Apollo's Fire: Igniting America's Clean Energy Economy
By Jay Inslee and Bracken Hendricks
Island Press $25.95
Reviewed by Tom Henry
Veteran White House correspondent Helen Thomas calls Apollo's Fire a "brilliant, inspiring book on the need to set goals and find future solutions to achieve clean, efficient energy."
Robert Redford lauds it as something that can help readers get "beyond the doom and gloom warming dialogue." Brilliant might be a stretch, but the points they're making are certainly on the mark.
Apollo's Fire is one of the more comprehensive, ambitious, balanced and upbeat books out there now about America's energy situation.
And the field is getting cluttered with many, from children's books to intensely dry and academic research epics.
Apollo's Fire fits somewhere inbetween, something that's set in enough of a conversational tone for the layman while not running short on facts to back up its argument.
Unlike Al Gore's An Inconvenient Truth, Apollo's Fire is not about how we got to where we are — but where we can go from here.
If there's an obvious bias, it's one against complacency.
The book's premise is that solutions to the energy crisis need to be sought with the same fervor that Americans had in the 1960s while pursuing President John F. Kennedy's challenge to land a man on the moon and bring him safely back to Earth by the end of the decade.
It encourages people to think big, while instilling a sense of urgency. It has a message of hope, not futility.
The pros and cons of each of the various technologies are laid out in detail, some more than others.
It's clear the authors are excited about the prospects of wind, solar, and tidal energy while more neutral on hydrogen, nuclear, and clean coal. But they don't advocate exclusively for one or totally discount any of them.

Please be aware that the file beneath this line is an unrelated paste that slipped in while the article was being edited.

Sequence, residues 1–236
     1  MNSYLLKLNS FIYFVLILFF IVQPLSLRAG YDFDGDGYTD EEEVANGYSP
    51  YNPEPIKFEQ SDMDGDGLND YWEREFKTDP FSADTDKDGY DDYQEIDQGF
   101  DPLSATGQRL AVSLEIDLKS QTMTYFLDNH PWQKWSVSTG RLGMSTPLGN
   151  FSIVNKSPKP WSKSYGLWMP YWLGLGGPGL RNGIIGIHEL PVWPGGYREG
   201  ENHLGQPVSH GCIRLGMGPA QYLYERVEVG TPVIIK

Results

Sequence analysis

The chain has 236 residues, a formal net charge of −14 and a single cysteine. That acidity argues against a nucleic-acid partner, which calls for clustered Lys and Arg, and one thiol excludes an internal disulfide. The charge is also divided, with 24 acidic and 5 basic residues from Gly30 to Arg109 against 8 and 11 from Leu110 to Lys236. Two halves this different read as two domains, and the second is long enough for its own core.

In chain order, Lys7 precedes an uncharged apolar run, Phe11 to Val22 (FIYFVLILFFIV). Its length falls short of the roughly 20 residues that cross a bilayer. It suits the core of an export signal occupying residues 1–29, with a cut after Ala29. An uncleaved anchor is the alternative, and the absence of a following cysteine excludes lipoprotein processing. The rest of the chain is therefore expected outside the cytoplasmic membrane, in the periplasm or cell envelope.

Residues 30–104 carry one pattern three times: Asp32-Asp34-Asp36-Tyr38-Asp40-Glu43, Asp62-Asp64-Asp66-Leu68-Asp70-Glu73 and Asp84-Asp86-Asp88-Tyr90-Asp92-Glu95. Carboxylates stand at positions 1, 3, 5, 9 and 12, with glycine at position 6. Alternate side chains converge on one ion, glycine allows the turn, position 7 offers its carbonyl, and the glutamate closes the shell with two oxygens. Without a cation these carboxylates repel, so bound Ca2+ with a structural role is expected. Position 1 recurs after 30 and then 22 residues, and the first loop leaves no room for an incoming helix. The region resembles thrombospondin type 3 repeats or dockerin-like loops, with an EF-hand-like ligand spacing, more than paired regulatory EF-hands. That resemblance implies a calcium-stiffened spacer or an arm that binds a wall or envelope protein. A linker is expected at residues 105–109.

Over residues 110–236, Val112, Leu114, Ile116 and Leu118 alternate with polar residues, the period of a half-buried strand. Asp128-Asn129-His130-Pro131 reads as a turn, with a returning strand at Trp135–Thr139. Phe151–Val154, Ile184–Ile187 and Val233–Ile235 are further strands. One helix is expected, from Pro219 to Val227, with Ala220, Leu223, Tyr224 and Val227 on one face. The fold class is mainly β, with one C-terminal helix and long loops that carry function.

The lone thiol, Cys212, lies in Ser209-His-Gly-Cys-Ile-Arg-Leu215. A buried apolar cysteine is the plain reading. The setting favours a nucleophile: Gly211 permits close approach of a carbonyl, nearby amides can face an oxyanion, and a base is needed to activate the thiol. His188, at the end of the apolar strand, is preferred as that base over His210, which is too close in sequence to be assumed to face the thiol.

And, of course, they explain what can be gained from greater energy efficiency and the use of industrial steam for cogenerated power, though they could have done more with the latter.
While they bring strong analysis and enthusiasm to the energy issue, the reader is left wondering at times if they see everything as a panacea. And why markets haven't responded faster if the advantages of certain technologies are so clear.
Jay Inslee is a Seattle-area congressman, a Democrat who, coincidentally, was Ohio Gov. Ted Strickland's roommate in Washington for several years until Strickland ran for governor.
Bracken Hendricks is a senior fellow with the Center for American Progress and former executive director of the Apollo Alliance, a consortium of business, labor and environmental groups dedicated to energy solutions. He was a special assistant to Gore while Gore was vice president, as well as being involved on climate change issues for the National Oceanic and Atmospheric Administration. Both digress with occasional sidebars, including ones in which Inslee provides some detail about the predictable resistance he has encountered from President Bush and Vice President Dick Cheney.
The book is balanced in how it approaches technological solutions. That's not to say there's no Bush-bashing.
Included is a brief forward by former President Bill Clinton.
Tom Henry is an environmental reporter at The (Toledo, Oh.) Blade.
** From SEJ's quarterly newsletter SEJournal, Summer 2008.